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Tania M. Alarcon Falconi, Fatemeh Kazemiparkouhi, Brittany Schwartz & David L. MacIntosh, Inconsistencies in domestic land use change study. PNAS 119 (2022), e2213961119.
The Lark 2022 analysis appears to have excluded the 10 y of data (2011–2020) that do not support their conclusion. We also note that the price of corn is strongly correlated with crude oil price.
Tyler J. Lark et al., Economic red herrings and resistance to new modeling hinder progress in assessing ethanol’s land use change, Reply to Falconi et al. PNAS 119 (2022), e2216091119.
Observations like those by Falconi et al. about correlations among corn prices, corn use for ethanol, and crude oil prices are correct but irrelevant to the efects of the RFS on crop prices. Around the time of the RFS, ethanol transitioned to a major user of corn and the price and planted area of corn have remained above their pre-RFS trends every year since then despite continued yield improvements (Fig. 1).
Tyler J. Lark, Nathan P. Hendricks, Aaron Smith, Nicholas Pates, Seth A. Spawn-Lee, Matthew Bougie, Eric G. Booth, Christopher J. Kucharik & Holly K. Gibbs
Joseph R. McConnell, Nathan J. Chellman & Andreas Stohl, Reply to: Black carbon attribution, Replying to R. M. Newnham Nature http://doi.org/10.1038/s41586-022-05518-y (2022). nature 612 (2022), e20–e21.
First, implicit in Newnham’s suggestions1 is that lake-sediment and peat-bog charcoal records can be interpreted as proxies of atmospheric emissions. In fact, charcoal records indicate only the presence of fire activity in the nearby landscape and provide little or no quantitative information regarding the magnitude of those emissions. Conversely, records of black-carbon deposition from ice cores are directly proportional to atmospheric concentrations and therefore to emissions—although these are potentially modulated by atmospheric-transport and deposition processes.
William Msemburi, Ariel Karlinsky, Victoria Knutson, Serge Aleshin-Guendel, Somnath Chatterji & Jon Wakefield, The WHO estimates of excess mortality associated with the COVID-19 pandemic. nature (2022), preprint, 1–24. <DOI:10.1038/s41586-022-05522-2>.
The World Health Organization has a mandate to compile and disseminate statistics on mortality, and we have been tracking the progression of the COVID-19 pandemic since the beginning of 2020. Reported statistics on COVID-19 mortality are problematic for many countries owing to variations in testing access, differential diagnostic capacity and inconsistent certification of COVID-19 as cause of death. Beyond what is directly attributable to it, the pandemic has caused extensive collateral damage that has led to losses of lives and livelihoods. Here we report a comprehensive and consistent measurement of the impact of the COVID-19 pandemic by estimating excess deaths, by month, for 2020 and 2021. We predict the pandemic period all-cause deaths in locations lacking complete reported data using an overdispersed Poisson count framework that applies Bayesian inference techniques to quantify uncertainty. We estimate 14.83 million excess deaths globally, 2.74 times more deaths than the 5.42 million reported as due to COVID-19 for the period. There are wide variations in the excess death estimates across the six World Health Organization regions. We describe the data and methods used to generate these estimates and highlight the need for better reporting where gaps persist. We discuss various summary measures, and the hazards of ranking countries’ epidemic responses.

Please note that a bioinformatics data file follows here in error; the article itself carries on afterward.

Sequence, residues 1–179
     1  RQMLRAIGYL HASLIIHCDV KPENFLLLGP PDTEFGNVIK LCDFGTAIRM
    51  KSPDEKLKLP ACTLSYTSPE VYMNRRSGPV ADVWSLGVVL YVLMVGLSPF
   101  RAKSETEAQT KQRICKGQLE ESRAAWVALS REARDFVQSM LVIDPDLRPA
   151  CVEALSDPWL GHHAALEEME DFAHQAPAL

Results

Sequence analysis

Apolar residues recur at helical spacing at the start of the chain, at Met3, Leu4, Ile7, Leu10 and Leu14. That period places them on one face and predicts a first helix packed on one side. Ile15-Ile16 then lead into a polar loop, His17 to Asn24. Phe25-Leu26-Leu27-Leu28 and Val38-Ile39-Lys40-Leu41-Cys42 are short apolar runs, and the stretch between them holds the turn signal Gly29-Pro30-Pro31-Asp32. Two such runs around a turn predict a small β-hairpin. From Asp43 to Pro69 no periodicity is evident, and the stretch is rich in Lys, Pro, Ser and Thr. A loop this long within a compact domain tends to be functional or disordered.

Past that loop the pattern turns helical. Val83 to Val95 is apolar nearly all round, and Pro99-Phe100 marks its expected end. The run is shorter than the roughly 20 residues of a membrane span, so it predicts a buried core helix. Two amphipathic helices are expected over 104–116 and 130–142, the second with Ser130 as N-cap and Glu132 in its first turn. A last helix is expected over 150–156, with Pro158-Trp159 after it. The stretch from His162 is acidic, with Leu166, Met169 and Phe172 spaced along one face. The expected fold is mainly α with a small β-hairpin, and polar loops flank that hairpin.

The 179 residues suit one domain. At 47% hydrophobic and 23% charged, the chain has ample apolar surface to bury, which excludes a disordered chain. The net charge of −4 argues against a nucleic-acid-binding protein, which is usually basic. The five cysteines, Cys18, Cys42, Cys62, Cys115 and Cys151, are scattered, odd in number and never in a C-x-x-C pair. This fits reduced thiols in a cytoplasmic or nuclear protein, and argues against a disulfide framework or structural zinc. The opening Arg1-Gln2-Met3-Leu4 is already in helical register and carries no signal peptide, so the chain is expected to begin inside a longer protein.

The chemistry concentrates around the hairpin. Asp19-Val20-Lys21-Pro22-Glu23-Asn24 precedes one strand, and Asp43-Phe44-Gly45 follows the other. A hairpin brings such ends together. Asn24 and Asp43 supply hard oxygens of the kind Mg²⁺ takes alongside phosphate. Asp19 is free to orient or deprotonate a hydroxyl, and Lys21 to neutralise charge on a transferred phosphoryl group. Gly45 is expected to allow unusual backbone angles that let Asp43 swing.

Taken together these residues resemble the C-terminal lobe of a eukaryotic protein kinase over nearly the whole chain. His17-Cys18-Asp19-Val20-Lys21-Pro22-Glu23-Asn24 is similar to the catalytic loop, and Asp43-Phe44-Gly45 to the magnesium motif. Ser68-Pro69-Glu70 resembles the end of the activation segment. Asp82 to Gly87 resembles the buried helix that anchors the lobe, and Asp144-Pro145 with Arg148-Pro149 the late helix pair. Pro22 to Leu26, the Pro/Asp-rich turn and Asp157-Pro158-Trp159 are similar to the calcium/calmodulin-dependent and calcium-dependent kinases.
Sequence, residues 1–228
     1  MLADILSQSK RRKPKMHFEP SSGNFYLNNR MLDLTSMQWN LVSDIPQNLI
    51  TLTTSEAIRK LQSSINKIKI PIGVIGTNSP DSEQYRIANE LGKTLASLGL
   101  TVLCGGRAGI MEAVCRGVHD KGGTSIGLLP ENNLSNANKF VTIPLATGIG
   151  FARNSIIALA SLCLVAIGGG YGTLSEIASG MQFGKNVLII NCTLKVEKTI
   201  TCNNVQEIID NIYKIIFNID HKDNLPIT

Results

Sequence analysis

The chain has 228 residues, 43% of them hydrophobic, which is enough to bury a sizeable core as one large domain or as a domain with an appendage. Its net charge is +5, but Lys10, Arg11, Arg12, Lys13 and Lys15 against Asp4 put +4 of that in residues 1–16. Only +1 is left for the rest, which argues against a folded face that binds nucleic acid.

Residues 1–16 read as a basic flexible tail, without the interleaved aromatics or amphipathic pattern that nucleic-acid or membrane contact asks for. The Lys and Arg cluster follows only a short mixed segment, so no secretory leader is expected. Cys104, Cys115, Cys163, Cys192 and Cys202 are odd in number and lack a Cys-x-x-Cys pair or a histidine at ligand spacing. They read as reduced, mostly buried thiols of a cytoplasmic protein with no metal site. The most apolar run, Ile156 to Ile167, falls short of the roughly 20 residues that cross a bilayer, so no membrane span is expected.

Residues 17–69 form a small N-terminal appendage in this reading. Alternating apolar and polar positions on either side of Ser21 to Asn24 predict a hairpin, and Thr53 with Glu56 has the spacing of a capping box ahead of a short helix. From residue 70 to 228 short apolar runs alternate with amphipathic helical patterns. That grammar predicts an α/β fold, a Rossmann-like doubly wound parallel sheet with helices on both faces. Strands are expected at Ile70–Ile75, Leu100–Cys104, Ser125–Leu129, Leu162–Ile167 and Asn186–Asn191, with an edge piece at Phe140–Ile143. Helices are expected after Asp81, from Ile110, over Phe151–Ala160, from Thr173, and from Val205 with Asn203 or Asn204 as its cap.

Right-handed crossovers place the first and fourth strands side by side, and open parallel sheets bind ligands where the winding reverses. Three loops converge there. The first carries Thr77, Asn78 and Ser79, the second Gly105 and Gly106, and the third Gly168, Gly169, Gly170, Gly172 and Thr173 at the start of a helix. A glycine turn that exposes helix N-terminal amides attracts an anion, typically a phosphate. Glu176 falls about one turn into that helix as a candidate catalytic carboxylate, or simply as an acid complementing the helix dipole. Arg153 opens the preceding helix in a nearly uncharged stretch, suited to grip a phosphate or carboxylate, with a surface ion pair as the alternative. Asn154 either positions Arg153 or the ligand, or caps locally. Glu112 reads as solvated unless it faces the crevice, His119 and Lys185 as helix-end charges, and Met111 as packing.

Rewi M. Newnham, Black carbon attribution, Arising from J. R. McConnell et al. Nature http://doi.org/10.1038/s41586-021-03858-9 (2021). nature 612 (2022), e18–e19.
More recently, other studies have revitalized a previous argument that climate change during the pre-European era may have strongly influenced early Maori settlement patterns and land-use practices during a ‘transitional’ phase of New Zealand prehistory. This phase, commencing around ad 1400 and coinciding broadly with the Little Ice Age, represents the abandonment of conventional settlements in the southern regions of New Zealand in response to less-hospitable climates, which is consistent with the decreasing charcoal curves of that time. This depopulating of southern New Zealand and the associated reduction in burning coincides with the peak Antarctic rBC levels that were nevertheless attributed to Maori burning by McConnell et al.
Nabin K. Shrestha, Patrick C. Burke, Amy S. Nowacki, James F. Simon, Amanda Hagen & Steven M. Gordon, Effectiveness of the Coronavirus Disease 2019 (COVID-19) Bivalent Vaccine. medRxiv 2022 , Dec. 19. <DOI:10.1101/2022.12.17.22283625>.
Among 51011 working-aged Cleveland Clinic employees, the bivalent COVID-19 vaccine booster was 30 % effective in preventing infection, during the time when the virus strains dominant in the community were represented in the vaccine.
Background. The purpose of this study was to evaluate whether a bivalent COVID-19 vaccine protects against COVID-19.